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Honduras archaeological dig could uncover a long-lost Ancient City

Archaeologists have just begun excavations at a site on Honduras’ Caribbean coast. They believe the excavations could lead to the legendary lost city of Ciudad Blanca, otherwise known as the White City.

The excavations began in January and so far the archaeologists have found five dozen stone and ceramic fragments. Other artifacts have been unearthed in the Mosquitia jungle region. Among some of the artifacts found are a vessel with vulture-shaped handles, a tray with a jaguar’s head that is made from clay, and a stone jaguar carved into a throne. Archaeologists believe the pieces could be part of a ceremonial temple. Some of the other pieces appear to represent humans, jaguars, buzzards, lizards, and birds.

The ruins are dated between 1,000 and 1,500 AD. However, the pieces do not appear to be Mayan, as are items that have dominated other sites in the region. One of the archaeologists at the site, Virgilio Paredes, the director of the Honduras’ Institute of Anthropology and Colorado, said that it could be evidence of a completely new culture, different from any previously discovered.

The city’s name is believed to have been derived from the white limestone rock that is found in the area. Ancient texts describe ivory temples filled with treasures.

An illustration by Virgil Finlay for The American Weekly representing the Temple in Morde's "Lost City of the Monkey God." Source
An illustration by Virgil Finlay for The American Weekly representing the Temple in Morde’s “Lost City of the Monkey God.” Source

Another adventurer named Theodore Morde suggested in 1940 that the city was known as the White City of the Monkey God. He saw an ancient civilization worship a giant simian deity symbolized by a statue. Morde wrote about his adventures in two famous magazines and said that the local tribe people had told him of the monkey-worshiping civilization. The monkey supposedly kidnapped a local woman and bred half-human and half-chimp children. The children were then hunted in revenge.

Honduran President Juan Orlando Hernandez visited the excavation site and told local news reporters that he and other people in the area believe that it is a great time to be alive and that it is great to see this excavation process. It is a special time in Honduran history. He added that it is a significant piece for Honduras and the world.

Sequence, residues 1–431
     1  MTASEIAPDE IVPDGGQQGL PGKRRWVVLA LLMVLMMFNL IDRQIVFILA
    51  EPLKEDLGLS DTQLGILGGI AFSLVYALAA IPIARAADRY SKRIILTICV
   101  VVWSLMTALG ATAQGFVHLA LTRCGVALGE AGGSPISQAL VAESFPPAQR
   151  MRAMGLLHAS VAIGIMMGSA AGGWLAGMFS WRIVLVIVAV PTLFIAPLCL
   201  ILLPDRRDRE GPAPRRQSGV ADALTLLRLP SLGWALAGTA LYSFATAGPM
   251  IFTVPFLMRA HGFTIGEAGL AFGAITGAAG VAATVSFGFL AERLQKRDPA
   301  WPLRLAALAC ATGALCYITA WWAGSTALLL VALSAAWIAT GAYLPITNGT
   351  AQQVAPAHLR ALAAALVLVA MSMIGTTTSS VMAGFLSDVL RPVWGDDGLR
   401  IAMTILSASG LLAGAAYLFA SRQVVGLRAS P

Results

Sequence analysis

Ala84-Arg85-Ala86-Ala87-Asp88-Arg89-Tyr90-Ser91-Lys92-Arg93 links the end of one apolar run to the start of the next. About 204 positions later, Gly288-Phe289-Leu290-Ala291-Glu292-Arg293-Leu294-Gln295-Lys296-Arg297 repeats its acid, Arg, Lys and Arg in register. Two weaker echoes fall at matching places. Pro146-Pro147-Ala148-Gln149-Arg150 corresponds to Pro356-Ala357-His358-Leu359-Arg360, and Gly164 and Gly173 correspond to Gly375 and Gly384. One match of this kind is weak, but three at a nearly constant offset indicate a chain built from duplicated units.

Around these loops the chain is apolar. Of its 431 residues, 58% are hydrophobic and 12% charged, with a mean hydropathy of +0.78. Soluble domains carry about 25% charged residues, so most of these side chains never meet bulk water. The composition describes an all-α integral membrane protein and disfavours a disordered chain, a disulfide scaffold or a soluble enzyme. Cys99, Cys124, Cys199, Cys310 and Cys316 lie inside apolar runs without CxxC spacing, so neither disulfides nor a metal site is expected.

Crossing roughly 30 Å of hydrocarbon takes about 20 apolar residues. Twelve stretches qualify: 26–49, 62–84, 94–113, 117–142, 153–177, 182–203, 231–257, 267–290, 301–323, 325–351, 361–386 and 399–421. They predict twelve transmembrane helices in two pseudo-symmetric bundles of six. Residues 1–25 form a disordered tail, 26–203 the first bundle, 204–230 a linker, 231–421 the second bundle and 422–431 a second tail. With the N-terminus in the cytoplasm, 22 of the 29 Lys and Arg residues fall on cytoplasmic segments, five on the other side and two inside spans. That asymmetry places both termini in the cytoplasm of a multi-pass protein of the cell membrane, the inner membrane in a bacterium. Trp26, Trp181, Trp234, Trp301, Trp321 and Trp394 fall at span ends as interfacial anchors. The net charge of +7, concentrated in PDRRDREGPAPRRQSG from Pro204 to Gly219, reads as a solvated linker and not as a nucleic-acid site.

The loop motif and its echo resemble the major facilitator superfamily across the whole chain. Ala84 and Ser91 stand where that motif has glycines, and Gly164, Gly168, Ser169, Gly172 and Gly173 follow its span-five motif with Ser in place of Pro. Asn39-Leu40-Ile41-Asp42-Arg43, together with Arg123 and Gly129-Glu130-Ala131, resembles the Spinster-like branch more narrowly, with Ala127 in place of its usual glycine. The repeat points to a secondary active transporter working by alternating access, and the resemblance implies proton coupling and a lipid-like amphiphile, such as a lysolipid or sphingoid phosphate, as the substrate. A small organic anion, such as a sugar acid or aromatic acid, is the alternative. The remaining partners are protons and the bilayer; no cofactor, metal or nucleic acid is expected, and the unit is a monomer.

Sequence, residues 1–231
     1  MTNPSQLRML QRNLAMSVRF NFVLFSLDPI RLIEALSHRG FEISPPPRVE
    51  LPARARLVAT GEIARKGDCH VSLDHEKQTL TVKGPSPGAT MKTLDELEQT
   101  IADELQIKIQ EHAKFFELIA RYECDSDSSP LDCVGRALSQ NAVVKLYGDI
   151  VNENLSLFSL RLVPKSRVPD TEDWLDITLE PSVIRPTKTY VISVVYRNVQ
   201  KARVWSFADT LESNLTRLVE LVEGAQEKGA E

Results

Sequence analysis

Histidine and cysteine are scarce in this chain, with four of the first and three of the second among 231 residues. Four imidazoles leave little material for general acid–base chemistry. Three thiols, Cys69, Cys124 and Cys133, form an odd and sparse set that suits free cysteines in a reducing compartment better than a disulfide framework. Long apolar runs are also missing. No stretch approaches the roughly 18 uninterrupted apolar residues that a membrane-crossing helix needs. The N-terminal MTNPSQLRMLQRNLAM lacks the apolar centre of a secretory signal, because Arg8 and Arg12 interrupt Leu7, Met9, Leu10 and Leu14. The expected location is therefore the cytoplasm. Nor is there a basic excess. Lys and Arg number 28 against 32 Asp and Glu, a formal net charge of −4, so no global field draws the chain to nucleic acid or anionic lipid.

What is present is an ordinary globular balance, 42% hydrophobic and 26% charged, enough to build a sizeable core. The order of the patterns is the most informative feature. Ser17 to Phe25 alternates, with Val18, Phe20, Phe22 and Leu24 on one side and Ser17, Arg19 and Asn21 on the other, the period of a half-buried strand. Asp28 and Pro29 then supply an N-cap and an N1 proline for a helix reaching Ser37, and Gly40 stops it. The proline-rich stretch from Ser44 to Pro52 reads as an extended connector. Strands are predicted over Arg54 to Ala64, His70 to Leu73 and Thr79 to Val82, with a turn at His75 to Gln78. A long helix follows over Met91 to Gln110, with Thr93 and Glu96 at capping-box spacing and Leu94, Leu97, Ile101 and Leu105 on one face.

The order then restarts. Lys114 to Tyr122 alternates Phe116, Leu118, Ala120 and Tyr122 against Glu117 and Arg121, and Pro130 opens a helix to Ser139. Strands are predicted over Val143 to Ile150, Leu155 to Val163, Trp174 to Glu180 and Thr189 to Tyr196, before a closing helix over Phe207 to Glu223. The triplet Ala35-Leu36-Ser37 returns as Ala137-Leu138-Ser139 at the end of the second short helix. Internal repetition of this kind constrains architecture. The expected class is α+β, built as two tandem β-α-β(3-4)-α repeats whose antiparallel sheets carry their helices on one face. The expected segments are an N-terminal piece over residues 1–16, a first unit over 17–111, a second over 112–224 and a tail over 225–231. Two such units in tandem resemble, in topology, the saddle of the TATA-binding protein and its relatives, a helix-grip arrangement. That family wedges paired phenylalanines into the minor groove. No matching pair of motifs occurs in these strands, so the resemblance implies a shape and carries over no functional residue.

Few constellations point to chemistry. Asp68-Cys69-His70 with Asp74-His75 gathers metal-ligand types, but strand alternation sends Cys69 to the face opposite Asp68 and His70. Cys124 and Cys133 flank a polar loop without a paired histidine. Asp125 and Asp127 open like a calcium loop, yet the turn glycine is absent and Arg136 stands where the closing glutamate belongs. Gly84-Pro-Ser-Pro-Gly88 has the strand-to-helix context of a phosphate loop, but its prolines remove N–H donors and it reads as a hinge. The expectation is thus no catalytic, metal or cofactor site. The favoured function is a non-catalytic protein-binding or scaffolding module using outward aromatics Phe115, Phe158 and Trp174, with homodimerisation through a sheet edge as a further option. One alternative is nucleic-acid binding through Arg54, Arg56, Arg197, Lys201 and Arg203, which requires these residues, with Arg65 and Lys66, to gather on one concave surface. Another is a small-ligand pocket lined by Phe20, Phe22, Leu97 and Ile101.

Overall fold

Ramon Espinoza, Honduras’ Minister of Science, said that there will be more research needed to gather data to determine whether or not this site is actually a lost city. Central American history and documentation never mentioned that there was ever a lost civilization.

The area is currently inhabited by the Pech and Payas indigenous groups. Both groups say there was, in fact, a city there long ago. The first written document about it was from 1544 and written by Spanish Bishop Cristobal de Pedraza.


It is rumored that the site had been located and lost between the 1500s and 1800s. In 2012, researchers discovered the existence of an urban centre where the current excavation is taking place.

The site was visited in 2015 by a National Geographic team. They unearthed the mounds of white rubble that was in the shape of a monkey’s skull. After finding that, they estimated the age of the statue to be thousands of years.

One of the National Geographic’s team, Douglas Preston, said that they found the tops of 52 artifacts peeking up from the earth. He also added that there many more that were lying below the ground which could have been burial items. The artifacts included stone ceremonial seats called metates and carved vessels that were decorated with snakes, zoomorphic figures, and vultures.

One of the most significant pieces found emerging from the ground was the head of, possibly, a jaguar, which may have depicted a shaman in a transformed spiritual state. The statue could have also been an artifact that was related to the ritualized ball games that were a feature in pre-Columbian life in Mesoamerica.

The first mention of the city happened to be from Hernando Cortes’ fifth letter to King Charles V of Spain in 1926. Historians gathered from his letters that the city was in the region of Mosquitia, which was, and is still, considered quite dangerous.

Ian Harvey

Ian Harvey is one of the authors writing for The Vintage News